Why this got so much attention on the Antiques Roadshow

I received a text message from a friend on Sunday that simply said “1933 Penny on the Antiques Roadshow”…

I flicked over just in time to see the mystical coin on the screen..

1933 Penny Antiques Roadshow 1024x596 - Why this got so much attention on the Antiques Roadshow Antiques Roadshow: The 1933 Penny (Image: BBC)

The 1933 Penny is big news 85 years after it was issued. Well, I say “issued”, but it was never intended for circulation. It was just a presentation piece made for ceremonial purposes and just 6 were struck that The Royal Mint has record of.

3 went into national collections and the other 3 were placed under foundation stones of selected buildings.

Crime doesn’t pay?

In 1970, thieves masqueraded as workmen and, over the course of a weekend, removed one of the 1933 Pennies from underneath a foundation stone of one of the buildings in question.

Nobody knows where this coin is now.

But the Antiques Roadshow expert values the 1933 Penny between £80,000 and £100,000, so if you have a store of old Pennies tucked away it’s worth checking the dates very carefully.

If you want to see the 1933 Penny for yourself, please click here to see it on the Antiques Roadshow. It appears about 12 and a half minutes in.


A modern day Penny for your collection

To mark the 65th Anniversary of Her Majesty The Queen’s Coronation, a special strike of just 495 Gold Pennies has been authorised.

FB Ad Coronation 65th Jersey Gold Proof Penny obverse reverse 1024x536 - Why this got so much attention on the Antiques Roadshow The 2018 Sapphire Coronation Gold Proof Penny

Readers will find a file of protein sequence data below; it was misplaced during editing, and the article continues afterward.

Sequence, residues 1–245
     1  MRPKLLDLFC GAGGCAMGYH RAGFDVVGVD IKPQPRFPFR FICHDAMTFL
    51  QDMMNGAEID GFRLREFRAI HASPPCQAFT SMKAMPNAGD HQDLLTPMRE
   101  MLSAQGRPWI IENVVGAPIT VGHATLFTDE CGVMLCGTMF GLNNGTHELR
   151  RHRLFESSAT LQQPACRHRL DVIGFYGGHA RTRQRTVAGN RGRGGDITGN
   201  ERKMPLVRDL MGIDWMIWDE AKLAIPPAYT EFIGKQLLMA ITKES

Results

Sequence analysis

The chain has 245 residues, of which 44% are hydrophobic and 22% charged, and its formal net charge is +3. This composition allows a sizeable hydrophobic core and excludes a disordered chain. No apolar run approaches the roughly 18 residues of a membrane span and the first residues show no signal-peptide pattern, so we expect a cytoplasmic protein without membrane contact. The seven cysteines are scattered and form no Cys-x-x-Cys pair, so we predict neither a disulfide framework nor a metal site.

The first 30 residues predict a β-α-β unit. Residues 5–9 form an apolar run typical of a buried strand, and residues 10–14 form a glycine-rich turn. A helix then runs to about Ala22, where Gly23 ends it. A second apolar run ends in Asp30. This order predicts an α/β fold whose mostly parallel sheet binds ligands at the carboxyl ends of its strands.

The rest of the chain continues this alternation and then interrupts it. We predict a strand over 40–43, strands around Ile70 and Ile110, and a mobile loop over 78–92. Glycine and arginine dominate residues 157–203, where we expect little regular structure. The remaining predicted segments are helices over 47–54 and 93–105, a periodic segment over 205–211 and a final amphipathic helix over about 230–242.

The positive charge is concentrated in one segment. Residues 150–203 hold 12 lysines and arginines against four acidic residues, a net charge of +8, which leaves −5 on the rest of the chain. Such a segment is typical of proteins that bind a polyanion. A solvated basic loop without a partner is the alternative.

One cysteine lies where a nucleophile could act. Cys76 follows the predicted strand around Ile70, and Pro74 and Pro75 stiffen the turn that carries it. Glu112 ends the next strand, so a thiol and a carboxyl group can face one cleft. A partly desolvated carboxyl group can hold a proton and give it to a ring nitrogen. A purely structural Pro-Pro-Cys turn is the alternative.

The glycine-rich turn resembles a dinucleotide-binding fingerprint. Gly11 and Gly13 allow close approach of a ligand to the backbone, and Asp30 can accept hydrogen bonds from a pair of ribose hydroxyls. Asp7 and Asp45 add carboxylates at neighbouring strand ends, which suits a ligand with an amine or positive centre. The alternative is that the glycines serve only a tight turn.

The release of a Gold Penny is an extremely rare event and one collectors look out for, meaning demand for this coin will be very high.

Click here for the 2018 Queen’s Coronation 65th Anniversary Gold Proof Penny


2 thoughts on “Why this got so much attention on the Antiques Roadshow

  1. ray Reply

    so who actually ownes it ?

    1. Alex Hanrahan Reply

      Hi Ray,

      The example shown on the Antiques Roadshow belongs to The Royal Mint Museum, but nobody knows where the “missing” sixth example is after it was stolen. It has never come up again, so it’s probably safe to assume that it is tucked away in a collection somewhere, but nobody can be sure. It could have been passed down to someone who didn’t know the significance of it and may have ended up at a car boot sale or who knows where?

      Kind regards,
      Alex.

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